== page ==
Thursday, December 22, 2005

Talking to a Neighbour

Someone from the same neighbourhood as the one I live in posted a comment on a news story I posted a link to. Here's a reply. Thought others might be interested, too.

Well, hello, neighbour!

"true roots"? "Hindu India"? "Muslim Pakistan". Are you saying that only what is today the Union of India is the homeland of Hindus and Hinduism? Weren't a large part of the empires that are the pride of history in that area and its people based in what is today Pakistan and even Afghanistan? Gandhara? Taxila? Moenjodaro/Mohanjodaro?

Personally, I'd like to not restrict more profound concepts--like that what is a South Asian Muslim, or what is a Hindu and what is the homeland for Hindus--to modern geo-political entities. Political borders come and go--and very often cut across human, cultural, and genetic affinities. We often discuss Europe as a parallel for our region, especially to point that the global trend is of coming together. And personally, I think that South Asia in general and just the Union of India in particular have more diversity (and certainly a larger population) than all of Europe. And if you look at Europe, you have Germans in Austria (Oster Reich, or "Western Country" in German), Germany, Switzerland, and historicly in other countries. But does that mean that a person of German ancestry in Switzerland is necessarily to be treated with more suspicion than others if they apply for citizenship in Germany? Or an American of German ancestry whose grandparents fled during one of the world wars?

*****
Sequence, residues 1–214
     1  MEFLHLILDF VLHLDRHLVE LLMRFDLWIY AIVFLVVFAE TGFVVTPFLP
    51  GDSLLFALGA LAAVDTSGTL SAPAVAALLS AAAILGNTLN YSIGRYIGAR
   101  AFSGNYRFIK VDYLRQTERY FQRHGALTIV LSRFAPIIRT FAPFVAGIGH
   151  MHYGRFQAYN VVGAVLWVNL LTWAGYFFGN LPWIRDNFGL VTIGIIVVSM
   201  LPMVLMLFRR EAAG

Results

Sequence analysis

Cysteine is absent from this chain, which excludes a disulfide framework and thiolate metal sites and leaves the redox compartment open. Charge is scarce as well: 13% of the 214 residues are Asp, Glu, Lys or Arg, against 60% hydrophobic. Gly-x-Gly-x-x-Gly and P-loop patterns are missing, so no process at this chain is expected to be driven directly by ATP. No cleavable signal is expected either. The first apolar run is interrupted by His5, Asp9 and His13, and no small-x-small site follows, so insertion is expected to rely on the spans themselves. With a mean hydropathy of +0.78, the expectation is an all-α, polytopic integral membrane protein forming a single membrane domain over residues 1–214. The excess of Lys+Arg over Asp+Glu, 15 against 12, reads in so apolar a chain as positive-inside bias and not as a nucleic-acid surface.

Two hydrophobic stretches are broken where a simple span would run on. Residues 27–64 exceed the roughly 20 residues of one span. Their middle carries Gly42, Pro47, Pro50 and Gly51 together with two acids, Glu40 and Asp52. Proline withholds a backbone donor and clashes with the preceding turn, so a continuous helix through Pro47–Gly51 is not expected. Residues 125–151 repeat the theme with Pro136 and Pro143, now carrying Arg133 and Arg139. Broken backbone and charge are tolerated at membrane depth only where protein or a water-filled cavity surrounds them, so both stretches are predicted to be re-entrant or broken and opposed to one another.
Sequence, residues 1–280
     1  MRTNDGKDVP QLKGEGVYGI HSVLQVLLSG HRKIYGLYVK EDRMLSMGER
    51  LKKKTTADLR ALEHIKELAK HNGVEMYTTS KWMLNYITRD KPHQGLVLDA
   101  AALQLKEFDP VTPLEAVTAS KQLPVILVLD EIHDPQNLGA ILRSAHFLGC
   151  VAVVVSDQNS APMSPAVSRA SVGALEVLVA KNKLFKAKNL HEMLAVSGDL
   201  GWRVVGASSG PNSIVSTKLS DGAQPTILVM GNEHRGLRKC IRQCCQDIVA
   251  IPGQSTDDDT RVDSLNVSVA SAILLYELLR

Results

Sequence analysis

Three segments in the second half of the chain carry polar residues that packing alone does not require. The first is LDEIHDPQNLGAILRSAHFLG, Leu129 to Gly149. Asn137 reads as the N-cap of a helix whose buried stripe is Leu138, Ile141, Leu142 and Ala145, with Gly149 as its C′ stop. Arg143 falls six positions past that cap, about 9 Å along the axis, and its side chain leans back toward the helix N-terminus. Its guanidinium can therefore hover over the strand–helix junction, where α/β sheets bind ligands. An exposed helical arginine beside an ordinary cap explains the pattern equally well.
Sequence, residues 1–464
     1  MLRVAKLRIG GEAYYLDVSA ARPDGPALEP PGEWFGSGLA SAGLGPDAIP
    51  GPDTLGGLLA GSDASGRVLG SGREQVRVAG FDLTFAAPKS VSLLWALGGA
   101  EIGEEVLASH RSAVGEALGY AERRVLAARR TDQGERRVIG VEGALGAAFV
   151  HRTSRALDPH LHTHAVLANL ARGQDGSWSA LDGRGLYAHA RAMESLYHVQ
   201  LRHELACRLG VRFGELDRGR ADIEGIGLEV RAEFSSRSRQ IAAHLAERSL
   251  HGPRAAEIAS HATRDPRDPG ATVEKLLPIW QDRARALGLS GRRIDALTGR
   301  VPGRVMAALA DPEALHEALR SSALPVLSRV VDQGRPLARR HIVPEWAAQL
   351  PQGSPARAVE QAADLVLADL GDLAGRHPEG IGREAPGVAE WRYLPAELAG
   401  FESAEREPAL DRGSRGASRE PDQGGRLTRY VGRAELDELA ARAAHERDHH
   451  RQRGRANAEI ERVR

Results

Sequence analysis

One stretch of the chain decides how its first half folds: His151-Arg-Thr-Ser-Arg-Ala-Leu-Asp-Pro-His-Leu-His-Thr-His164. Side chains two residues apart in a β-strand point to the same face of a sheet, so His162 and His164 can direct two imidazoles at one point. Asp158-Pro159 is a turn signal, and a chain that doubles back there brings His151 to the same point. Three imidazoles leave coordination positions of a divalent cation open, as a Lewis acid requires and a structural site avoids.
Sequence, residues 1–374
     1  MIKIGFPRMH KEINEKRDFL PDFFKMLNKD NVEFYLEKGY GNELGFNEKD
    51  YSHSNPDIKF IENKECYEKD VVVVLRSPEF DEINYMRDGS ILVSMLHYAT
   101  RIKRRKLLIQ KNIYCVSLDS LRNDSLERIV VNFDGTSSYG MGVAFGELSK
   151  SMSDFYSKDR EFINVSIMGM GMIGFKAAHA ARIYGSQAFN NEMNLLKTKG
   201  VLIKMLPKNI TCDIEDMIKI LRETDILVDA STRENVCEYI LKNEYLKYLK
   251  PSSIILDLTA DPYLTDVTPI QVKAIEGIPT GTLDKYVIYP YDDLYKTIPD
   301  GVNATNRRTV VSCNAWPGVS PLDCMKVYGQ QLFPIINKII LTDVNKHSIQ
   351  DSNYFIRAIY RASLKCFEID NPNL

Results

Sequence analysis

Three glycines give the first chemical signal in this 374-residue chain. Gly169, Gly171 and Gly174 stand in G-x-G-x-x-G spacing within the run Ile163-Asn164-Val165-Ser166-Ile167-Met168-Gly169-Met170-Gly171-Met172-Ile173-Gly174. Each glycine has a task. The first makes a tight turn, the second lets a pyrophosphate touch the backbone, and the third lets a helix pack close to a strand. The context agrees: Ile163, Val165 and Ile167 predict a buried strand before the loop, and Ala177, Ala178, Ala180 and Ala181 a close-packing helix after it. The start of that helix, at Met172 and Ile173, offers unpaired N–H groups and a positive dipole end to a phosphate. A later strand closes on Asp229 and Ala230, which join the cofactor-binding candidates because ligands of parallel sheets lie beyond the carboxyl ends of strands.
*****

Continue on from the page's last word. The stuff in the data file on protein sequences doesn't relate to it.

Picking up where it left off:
I would like to believe that people can hold warm patriotic feelings for their own country without being necessarily hostile to a neighbouring country, whatever the history has been.

And it has now been two generations since the "partition"/independence--the people applying for citizenship are by no stretch of the imagination the same as the ones that chose to live in one or the other country at that time.

As for the historical bases for the existence and shape of one country or the other. I am, I like to think, a self-confidently patriotic Pakistani who is married to a proudly patriotic Indian and who works in the movement for peace between the two countries, but I believe that if we as individuals and as national communities are comfortable in who we are, we should have the self-confidence to compete in the marketplace of ideas and ideologies without the kind of insecurity and pettiness that this kind of policy seems to reflect. Pakistan, particularly, claims to have an ideology. And I am not talking about "just Islam". In fact, what passes today for "Islamism" and "Islamic politics" in today's news and opinion is very far from what I was brought up to believe my community's ideology is or what the founders' intent was; the idea of a country where people can live as who they are and not have to be second class citizens. And all people. I might not know all the history, but your assertion that Pakistan did not say that Hindus who wanted to stay could strikes me as rather inaccurate. What was Jinnah's speech, so oft-quoted, where he said that as of independence, all citizens of Pakistan are Pakistanis and free to worship as they wanted and live as they wanted. Now the bloodbath that followed (and it happened on both sides) did not live up to either Jinnah's words or the dreams and aspirations of Gandhi; that's a separate story.